How to Pick Out Arthritis Gloves

Heat Therapy

Heat is a noninvasive treatment that can be used just about anywhere to manage the symptoms of arthritis. Wrap your hand in a heating pad or warm towel to encourage blood flow to the area. With better circulation, there will be more oxygen and nutrients to promote healing. Use heat for 20 to 30 minutes at a time and avoid sleeping with a heat source on your skin.

When to Use Heat Therapy

Pain Creams

When you have arthritis of the hand or wrist the pain can become unbearable. Using several pain relief techniques is one of the best ways you can tackle the pain and enjoy your day. There are several types of pain creams on the market. They can provide a cooling or warming sensation or contain salicylates that reduce inflammation.

Anti-Inflammatory Medication

Anti-inflammatory medication like over-the-counter nonsteroidal anti-inflammatory drugs (NSAIDs) is an effective treatment for joint pain. Popular over-the-counter medications such as ibuprofen and naproxen are inexpensive and generally considered safe for most people. There are prescription medications that your doctor may suggest depending on the severity and type of arthritis you suffer from.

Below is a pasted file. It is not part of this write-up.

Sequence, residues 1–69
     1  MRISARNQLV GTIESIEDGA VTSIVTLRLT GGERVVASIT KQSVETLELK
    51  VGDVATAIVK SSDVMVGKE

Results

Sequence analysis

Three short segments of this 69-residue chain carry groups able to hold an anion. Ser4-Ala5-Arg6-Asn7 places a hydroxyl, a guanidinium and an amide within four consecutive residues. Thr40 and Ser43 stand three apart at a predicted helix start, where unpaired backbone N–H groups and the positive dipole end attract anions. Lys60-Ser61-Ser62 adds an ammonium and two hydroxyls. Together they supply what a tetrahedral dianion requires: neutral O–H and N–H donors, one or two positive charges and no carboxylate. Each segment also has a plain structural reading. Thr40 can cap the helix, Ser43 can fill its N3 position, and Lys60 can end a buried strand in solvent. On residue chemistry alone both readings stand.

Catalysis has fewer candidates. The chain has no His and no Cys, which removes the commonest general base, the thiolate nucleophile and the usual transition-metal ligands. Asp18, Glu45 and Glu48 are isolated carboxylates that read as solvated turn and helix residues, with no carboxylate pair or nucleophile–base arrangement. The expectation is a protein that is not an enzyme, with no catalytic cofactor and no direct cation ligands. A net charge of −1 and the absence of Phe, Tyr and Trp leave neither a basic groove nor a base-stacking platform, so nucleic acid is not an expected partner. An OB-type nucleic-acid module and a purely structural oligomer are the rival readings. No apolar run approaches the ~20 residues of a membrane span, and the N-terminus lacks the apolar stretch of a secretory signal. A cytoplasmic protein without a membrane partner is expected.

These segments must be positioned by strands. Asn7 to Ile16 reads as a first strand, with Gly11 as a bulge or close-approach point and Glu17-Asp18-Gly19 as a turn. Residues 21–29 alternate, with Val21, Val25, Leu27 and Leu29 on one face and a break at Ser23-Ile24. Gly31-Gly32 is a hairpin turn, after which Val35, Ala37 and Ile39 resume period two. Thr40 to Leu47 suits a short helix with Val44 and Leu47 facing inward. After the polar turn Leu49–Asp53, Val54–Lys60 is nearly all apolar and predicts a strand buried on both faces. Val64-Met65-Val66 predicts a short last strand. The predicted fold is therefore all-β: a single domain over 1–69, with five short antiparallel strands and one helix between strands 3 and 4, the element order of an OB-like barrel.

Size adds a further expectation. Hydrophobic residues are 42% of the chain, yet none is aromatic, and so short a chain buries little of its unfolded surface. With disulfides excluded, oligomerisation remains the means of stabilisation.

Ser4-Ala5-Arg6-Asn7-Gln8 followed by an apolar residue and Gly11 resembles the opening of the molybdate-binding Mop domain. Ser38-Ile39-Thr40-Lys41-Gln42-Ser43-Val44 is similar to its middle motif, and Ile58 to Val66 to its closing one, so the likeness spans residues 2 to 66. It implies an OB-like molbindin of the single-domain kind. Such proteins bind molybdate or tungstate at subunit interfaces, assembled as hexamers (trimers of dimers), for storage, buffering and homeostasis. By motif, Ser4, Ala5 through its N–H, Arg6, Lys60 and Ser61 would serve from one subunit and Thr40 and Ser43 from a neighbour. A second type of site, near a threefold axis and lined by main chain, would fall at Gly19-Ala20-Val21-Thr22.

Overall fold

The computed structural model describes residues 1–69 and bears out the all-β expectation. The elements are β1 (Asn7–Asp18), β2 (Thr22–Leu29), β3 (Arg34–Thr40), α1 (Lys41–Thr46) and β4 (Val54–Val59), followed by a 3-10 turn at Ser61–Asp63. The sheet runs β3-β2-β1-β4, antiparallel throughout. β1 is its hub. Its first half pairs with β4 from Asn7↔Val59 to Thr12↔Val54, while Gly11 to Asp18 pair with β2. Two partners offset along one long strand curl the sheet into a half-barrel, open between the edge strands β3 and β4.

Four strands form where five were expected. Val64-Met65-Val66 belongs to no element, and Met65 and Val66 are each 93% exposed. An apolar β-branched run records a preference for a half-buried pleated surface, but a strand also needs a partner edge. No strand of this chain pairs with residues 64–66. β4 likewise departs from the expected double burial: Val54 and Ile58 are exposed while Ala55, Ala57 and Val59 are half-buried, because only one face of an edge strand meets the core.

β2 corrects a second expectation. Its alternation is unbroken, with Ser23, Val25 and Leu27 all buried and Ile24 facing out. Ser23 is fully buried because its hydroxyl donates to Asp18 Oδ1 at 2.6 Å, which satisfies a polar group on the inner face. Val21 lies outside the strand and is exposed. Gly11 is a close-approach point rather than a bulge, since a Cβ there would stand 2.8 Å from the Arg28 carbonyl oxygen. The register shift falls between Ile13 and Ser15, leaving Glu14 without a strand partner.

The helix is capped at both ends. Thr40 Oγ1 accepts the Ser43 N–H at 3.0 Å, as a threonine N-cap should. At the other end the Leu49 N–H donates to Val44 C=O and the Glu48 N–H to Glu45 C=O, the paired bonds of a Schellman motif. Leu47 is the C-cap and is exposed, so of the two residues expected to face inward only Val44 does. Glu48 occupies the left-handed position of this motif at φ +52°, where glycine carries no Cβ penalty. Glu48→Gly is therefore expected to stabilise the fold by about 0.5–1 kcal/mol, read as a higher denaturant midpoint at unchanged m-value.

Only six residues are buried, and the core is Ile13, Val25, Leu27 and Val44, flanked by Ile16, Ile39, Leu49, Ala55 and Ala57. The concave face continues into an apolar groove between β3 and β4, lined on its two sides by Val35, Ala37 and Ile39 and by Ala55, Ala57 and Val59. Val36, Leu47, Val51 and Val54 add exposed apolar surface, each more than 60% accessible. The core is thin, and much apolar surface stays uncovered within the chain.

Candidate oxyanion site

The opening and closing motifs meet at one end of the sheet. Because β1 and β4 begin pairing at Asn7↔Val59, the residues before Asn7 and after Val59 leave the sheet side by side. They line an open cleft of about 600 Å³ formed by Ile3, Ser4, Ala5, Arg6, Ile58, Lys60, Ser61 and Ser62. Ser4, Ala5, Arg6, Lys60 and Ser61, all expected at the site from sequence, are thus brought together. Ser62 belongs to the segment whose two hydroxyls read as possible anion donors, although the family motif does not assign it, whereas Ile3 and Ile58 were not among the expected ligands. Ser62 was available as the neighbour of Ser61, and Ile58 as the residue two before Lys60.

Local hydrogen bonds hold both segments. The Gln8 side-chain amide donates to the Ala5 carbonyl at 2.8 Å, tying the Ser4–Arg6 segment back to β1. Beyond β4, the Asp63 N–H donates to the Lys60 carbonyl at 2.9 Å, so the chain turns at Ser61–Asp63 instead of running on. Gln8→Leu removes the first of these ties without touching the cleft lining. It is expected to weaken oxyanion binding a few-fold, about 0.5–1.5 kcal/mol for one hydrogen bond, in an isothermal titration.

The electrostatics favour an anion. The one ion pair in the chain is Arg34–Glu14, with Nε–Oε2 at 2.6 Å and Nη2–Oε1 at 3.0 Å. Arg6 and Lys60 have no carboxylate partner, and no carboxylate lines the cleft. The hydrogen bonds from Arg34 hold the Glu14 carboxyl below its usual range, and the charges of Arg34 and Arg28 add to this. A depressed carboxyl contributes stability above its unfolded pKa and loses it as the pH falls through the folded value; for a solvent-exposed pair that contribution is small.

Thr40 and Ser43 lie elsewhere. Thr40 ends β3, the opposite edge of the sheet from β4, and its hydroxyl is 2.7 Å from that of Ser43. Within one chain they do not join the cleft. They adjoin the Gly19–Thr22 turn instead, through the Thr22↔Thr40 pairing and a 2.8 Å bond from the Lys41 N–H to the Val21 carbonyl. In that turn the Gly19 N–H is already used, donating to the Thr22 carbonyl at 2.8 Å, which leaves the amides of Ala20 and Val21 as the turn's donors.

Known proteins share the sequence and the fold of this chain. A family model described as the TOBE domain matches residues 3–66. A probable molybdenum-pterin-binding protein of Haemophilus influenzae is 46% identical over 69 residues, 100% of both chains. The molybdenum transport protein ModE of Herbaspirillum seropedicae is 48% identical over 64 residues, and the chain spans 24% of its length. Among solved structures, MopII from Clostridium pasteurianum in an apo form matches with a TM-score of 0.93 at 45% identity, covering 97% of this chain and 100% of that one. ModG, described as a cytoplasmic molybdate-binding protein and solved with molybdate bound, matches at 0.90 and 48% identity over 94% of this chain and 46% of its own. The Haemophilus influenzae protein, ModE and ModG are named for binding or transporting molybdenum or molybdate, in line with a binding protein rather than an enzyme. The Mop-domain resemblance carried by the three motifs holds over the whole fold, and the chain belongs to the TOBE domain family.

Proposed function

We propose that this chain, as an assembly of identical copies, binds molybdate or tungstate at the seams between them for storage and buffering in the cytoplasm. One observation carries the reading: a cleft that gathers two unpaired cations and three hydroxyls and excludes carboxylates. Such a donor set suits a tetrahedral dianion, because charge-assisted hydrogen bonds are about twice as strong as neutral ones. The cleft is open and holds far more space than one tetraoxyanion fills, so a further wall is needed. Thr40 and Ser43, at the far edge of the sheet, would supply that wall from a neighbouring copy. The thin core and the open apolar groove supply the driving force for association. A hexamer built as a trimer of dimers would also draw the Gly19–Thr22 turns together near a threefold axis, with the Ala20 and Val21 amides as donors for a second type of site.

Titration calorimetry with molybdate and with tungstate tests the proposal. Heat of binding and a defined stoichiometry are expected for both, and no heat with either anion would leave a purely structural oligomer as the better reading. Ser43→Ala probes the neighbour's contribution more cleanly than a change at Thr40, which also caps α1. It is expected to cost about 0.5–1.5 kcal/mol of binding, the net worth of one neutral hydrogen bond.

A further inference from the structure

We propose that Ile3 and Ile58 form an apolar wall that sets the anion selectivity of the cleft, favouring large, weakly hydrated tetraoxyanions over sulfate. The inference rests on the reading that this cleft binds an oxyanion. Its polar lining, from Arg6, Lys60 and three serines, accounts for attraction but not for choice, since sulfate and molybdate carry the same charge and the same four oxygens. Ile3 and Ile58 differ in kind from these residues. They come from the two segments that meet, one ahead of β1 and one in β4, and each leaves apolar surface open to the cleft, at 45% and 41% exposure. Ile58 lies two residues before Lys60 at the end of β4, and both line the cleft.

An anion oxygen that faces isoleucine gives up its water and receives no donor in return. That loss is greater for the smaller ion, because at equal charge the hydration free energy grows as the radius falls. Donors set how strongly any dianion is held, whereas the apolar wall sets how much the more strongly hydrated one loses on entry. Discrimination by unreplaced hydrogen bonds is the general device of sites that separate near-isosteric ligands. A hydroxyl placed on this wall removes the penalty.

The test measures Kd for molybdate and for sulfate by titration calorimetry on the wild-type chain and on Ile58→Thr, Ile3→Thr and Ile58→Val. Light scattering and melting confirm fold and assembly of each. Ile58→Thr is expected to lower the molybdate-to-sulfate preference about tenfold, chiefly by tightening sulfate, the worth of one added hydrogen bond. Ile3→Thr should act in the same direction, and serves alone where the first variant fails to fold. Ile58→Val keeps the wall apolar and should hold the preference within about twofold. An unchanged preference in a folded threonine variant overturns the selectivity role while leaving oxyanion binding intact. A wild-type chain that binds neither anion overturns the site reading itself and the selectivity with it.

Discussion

Decrease Activity that Exacerbates Symptoms

When you suffer from arthritis, everyday activities can cause pain and swelling. Try to avoid activities that cause pain and make changes in the way you move and do things to also keep the pain at bay. Incorporate dressing aids and ergonomic utensils to make unavoidable tasks easier on your wrists. 

Cortisone or Steroid Injections